At one point, a friend told KODA that he had resorted to alcohol because he was too poor to buy food, and he took food from public funerals he attended to give to his family. At another point, a woman from his church stopped KODA as he was leaving and told him she didn’t have money to buy food. KODA gave her the money he had.

“She bought just a sachet of water with some … short biscuits that they give you when you are on the plane,” he said. “It broke my heart. … Why can’t we care for each other like the way that the first church cared for each other?”

These experiences helped stir KODA to release “Nsem Pii,” his musical critique of pastors who made their congregants “the target for the next harvest.” “For how else can we buy the preacher’s dream car?” he sang, noting that many of those attending couldn’t even afford to eat three meals a day.

Three years later, KODA doubled down on this message by releasing “Adooso” (Too Much), writing this time about pastors extorting money from unsuspecting Christians seeking prayer. He later criticized church leaders for telling their congregations that they had to “sow a seed” (or financially contribute) before they could access deliverance.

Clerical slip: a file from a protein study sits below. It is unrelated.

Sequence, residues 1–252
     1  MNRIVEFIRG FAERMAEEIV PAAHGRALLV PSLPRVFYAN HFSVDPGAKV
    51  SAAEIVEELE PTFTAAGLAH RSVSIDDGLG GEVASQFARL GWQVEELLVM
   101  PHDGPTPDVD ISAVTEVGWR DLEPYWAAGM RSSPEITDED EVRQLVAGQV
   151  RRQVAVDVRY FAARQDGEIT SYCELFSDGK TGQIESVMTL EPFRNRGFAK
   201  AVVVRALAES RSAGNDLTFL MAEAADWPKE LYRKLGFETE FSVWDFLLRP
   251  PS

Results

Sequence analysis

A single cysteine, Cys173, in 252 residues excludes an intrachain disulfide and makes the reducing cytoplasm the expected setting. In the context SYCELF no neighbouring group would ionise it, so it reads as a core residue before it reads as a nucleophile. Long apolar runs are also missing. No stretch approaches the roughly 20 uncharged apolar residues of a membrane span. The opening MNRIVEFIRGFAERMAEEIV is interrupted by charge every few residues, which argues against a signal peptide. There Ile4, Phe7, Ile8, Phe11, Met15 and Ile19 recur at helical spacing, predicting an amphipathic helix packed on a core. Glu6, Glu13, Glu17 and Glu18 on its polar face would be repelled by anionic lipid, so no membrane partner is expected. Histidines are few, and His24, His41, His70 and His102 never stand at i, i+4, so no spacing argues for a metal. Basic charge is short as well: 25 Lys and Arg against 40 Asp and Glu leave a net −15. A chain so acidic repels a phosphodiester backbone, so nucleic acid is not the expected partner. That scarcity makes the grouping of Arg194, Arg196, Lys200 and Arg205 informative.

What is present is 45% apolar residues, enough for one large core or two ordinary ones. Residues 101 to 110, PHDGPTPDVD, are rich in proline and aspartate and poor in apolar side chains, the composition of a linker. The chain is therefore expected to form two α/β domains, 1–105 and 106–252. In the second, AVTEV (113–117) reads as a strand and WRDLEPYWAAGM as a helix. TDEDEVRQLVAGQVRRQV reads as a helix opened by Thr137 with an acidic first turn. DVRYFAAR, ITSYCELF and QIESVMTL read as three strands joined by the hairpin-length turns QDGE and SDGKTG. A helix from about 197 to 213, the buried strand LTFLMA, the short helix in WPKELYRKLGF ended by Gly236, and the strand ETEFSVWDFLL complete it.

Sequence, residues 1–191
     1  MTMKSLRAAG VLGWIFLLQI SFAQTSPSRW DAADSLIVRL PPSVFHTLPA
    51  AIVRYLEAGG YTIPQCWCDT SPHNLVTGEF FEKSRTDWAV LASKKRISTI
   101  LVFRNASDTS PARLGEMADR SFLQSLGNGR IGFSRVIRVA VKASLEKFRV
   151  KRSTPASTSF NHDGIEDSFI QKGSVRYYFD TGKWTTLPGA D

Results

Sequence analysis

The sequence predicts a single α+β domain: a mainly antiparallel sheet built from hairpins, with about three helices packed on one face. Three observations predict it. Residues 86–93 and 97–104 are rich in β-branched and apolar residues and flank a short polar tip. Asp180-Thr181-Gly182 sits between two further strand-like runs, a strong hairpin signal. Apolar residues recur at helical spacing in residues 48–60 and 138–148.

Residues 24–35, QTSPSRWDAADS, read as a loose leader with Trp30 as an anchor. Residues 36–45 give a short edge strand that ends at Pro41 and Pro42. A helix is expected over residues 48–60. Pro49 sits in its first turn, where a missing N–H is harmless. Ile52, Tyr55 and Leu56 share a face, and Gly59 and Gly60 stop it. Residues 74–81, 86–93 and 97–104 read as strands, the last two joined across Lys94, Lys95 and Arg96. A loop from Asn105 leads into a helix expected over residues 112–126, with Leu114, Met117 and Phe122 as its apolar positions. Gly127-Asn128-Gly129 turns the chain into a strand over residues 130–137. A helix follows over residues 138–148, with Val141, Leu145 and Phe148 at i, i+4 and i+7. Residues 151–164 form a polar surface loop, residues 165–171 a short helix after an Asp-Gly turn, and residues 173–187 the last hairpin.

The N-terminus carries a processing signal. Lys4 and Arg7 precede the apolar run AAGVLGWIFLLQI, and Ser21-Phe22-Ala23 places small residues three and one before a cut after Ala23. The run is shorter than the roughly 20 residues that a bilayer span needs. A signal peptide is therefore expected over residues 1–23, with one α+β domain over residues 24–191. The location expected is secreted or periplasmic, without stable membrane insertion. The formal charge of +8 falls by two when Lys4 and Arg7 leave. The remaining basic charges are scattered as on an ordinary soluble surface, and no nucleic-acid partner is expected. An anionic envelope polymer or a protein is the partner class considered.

“That almost sounds like extortion in the name of Jesus. Freely have we received; freely should we give,” he said, referencing Jesus’ words in Matthew 10:8.

Despite the sober messages, KODA’s songs found a wide audience.

“He told his message in a manner most musicians will not have the courage to, with an accompaniment of world-class tunes you just can’t resist,” wrote GhanaWeb.

Some dubbed KODA the “Preacher’s Preacher” after releasing songs with messages that “most preacher men have shuddered to mention from their pulpit in recent times,” wrote Harvest Praise Official.

“God gave me the gift of songwriting. … If I’m not careful, I can write a song without even praying because I studied songwriting,” KODA said. “So now, I’m careful what to write. I’m careful to wait till I hear before I write. … I’ve been so gifted; I need to be careful I don’t run ahead of the Holy Spirit.”

KODA is survived by his wife and fellow gospel singer, Ewurama Dua-Anto, and their three children.